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close this bookMental Health Services in Disasters: Manual for Humanitarian Workers (PAHO; 2000; 92 pages) [ES]
View the documentPreface
View the documentObjectives
View the documentIntroduction
open this folder and view contentsChapter 1: Historical Overview and Mental Health Role
close this folderChapter 2: Basic Mental Health Content
View the documentStress/Stressor Response
View the documentCoping and Adaptation
View the documentLoss and Mourning
View the documentSocial Support Systems
View the documentCrisis Response and Resolution
View the documentThe Bio-psycho-socio-cultural system*
open this folder and view contentsChapter 3: Developmental Stages of Survivor Behavior
open this folder and view contentsChapter 4: Post-disaster Intervention Programs
open this folder and view contentsChapter 5: Populations with Special Needs
View the documentMental Health Services in Disasters: Manual for Humanitarian Workers

Coping and Adaptation

Coping Behavior that protects the individual from internal and external stresses; coping behavior implies adaptation, defense, and mastery.

Another interrelated concept that helps to explain disaster behavior is coping and adaptation. This section will review the meaning of coping, the interrelationship of coping to stress and socioemotional support systems, and the elements of coping behavior directed toward adaptation.

Coping behavior protects us from becoming psychologically and physiologically disorganized. Coping usually incorporates action-oriented behavior responses, as well as cognitive, emotional, and perceptual appraisal processes. In coping, the individual may attempt to change the source of the stress or redefine the threat situation in terms of meaning or degree of severity. The individual also attempts to find an accommodation and compromise, such as passive acceptance, resignation, religious believe, or belief in destiny.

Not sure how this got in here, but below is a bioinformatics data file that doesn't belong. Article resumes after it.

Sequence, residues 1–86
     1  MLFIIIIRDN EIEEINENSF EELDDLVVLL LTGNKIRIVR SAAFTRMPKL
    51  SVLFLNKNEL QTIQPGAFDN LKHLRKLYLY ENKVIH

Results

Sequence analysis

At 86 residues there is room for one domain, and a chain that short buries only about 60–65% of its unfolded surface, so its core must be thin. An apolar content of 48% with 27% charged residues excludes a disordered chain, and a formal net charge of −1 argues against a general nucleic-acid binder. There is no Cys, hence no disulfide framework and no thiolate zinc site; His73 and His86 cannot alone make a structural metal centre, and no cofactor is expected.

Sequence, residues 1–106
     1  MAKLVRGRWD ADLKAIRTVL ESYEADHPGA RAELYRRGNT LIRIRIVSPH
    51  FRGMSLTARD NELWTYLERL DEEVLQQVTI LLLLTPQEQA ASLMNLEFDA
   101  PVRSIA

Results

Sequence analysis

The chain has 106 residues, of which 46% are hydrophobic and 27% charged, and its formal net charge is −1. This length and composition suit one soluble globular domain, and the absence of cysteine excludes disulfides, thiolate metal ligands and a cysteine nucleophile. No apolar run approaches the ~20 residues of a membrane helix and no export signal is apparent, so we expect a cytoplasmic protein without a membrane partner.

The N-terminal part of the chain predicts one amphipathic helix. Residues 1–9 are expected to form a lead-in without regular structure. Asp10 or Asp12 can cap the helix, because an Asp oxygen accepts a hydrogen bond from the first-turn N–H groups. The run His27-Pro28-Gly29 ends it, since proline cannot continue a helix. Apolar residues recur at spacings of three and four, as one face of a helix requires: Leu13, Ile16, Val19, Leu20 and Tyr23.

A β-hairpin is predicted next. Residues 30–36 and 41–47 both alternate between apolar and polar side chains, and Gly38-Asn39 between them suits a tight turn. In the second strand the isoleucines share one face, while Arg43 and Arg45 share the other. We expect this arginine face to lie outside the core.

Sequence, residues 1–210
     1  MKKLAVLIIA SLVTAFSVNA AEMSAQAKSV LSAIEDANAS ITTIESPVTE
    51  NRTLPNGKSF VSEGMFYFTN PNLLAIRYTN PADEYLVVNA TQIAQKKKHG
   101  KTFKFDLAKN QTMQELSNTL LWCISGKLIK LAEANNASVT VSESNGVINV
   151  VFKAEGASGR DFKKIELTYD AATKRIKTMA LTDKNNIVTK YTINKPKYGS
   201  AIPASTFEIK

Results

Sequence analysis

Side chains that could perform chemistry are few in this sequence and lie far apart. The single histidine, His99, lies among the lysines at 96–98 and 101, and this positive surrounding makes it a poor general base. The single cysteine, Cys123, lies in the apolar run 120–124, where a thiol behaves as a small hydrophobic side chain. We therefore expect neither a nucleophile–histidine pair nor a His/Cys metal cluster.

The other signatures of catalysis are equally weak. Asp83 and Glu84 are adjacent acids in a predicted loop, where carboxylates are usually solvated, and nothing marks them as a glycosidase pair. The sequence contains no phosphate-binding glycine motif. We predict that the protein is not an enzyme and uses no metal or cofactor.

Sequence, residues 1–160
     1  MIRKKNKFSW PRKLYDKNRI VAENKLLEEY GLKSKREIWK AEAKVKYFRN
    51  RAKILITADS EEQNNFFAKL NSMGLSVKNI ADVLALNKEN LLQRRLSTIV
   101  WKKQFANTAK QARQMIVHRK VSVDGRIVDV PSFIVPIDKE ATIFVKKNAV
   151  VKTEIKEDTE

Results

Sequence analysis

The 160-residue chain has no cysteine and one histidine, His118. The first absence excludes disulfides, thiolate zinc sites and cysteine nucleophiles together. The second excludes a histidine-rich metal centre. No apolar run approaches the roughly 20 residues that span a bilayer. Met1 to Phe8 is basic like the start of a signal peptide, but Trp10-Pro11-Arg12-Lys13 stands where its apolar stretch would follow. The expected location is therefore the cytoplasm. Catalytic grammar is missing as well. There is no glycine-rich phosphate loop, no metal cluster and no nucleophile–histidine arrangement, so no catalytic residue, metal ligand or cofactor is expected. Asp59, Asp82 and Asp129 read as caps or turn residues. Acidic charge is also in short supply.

Protection behavior usually takes three paths:

1. Altering the conditions that are producing painful stress responses.


"Dr. Brown, if you insist that I remain in the hospital for a few more hours, I will follow your advice, even though I believe that I should go and check my home to see what the hurricane did to it."

2. Redefining the meaning of the stress-producing experience to downgrade its significance.


"We were lucky that no one in our family died and only a few members were injured when the roof fell in." Or, "It was lucky that the earthquake was at 4:30 a.m. when the highways were empty."

3. Manipulating the emotional consequences in order to place them within manageable bounds.


"I am ashamed to complain about my damaged home when others lost so much more."


Coping is behavior that is designed to prevent, delay, avoid, or manage tension and stress. Coping is not unusual or rare behavior; in fact, all individuals employ coping at some time.

Most individuals learn individualized ways of dealing with stress. Although these ways vary, coping methods usually follow a pattern of:


• avoidance,
• alteration,
• management,
• prevention, and
• control of undue emotional expression.

Coping mechanisms may take three different forms:

1. The individual may attempt to change the source of strain or stress. This action presumes knowledge and perception of its causes. Attention is focused on changing the situation before strain or stress occurs. The aim of this strategy is to avoid a threatening situation.


"It is time for us to leave the house now."

2. The individual may attempt to redefine the situation so as to control the degree of stress and lessen or buffer its impact. Redefinition is a means of managing the significance and gravity of the problem situation. Cognition and perception are important in this process. Redefinition allows the individual to say that the problem situation is not important enough to be upset about. This may be done by making comparisons and then concluding that things could be worse or by selectively ignoring the negative aspects and emphasizing the positive.